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Emma Mahon

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Emma Mahon

on 20 October 2013

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Transcript of Emma Mahon

Emma Mahon
Early Childhood Literature
- ESH151 Children's Literature Studies -
The Rabbits
Language Features
This narrative is written as an allegory in a similar way to native oral storytelling, using soft, melodic rhythms. Marsden has incorporated traditional Aboriginal English in sentences such as "the rabbits came many grandparents ago".

It is told in second person from the perspective of the colonised, the Tree Dwellers. The sentences are short and clipped and are full of descriptive and adjectival language. This works effectively to create imagery “the land is bare and brown and the wind blows empty across the plain”

The text is used sparingly and to convey the speed of the colonisation, Marsden used repetition to place emphasis through sentences such as “rabbits, rabbits, rabbits, millions of rabbits, everywhere we looks rabbits”.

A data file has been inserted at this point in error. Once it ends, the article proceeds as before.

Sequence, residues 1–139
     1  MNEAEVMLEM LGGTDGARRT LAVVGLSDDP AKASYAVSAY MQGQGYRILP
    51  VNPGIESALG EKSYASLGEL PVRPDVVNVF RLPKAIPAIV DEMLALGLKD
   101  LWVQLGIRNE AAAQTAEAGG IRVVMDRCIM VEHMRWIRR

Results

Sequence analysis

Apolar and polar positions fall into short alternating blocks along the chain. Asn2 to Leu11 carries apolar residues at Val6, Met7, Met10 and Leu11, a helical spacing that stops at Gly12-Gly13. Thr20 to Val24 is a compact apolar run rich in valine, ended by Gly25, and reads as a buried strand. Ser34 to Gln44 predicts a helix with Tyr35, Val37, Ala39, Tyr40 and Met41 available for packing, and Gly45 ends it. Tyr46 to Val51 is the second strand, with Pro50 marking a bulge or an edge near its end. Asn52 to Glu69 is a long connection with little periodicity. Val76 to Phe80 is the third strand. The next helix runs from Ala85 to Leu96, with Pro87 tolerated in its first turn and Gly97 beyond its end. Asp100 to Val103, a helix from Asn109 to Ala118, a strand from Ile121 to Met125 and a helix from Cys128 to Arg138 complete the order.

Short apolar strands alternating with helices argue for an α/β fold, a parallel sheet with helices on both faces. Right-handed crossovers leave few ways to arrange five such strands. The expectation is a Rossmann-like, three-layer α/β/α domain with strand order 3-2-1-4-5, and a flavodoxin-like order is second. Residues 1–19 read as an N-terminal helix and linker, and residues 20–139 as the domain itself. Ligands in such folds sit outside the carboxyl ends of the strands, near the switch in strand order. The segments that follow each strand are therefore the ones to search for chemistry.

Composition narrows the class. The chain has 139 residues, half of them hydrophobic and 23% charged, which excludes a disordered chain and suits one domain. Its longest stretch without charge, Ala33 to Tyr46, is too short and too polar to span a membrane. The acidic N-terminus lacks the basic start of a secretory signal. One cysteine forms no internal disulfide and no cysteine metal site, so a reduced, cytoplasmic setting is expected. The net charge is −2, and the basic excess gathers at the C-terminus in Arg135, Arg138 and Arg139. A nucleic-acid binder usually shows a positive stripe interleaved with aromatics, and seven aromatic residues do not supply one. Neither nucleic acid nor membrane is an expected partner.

Critical Literacy
As a picture book, the themes and subjects that are delved into in this book is in-depth, complex and controversial..which makes this book ideal for use in a classroom!! The text offers a different viewpoint on the 'settlement' of Australia by the Europeans than what is normally portrayed. The obvious theme contained in this text is of the colonisation, but there are the underlying themes of the environmental and cultural destruction as well that comes as a result of the modernisation and the industrialisation of urban development.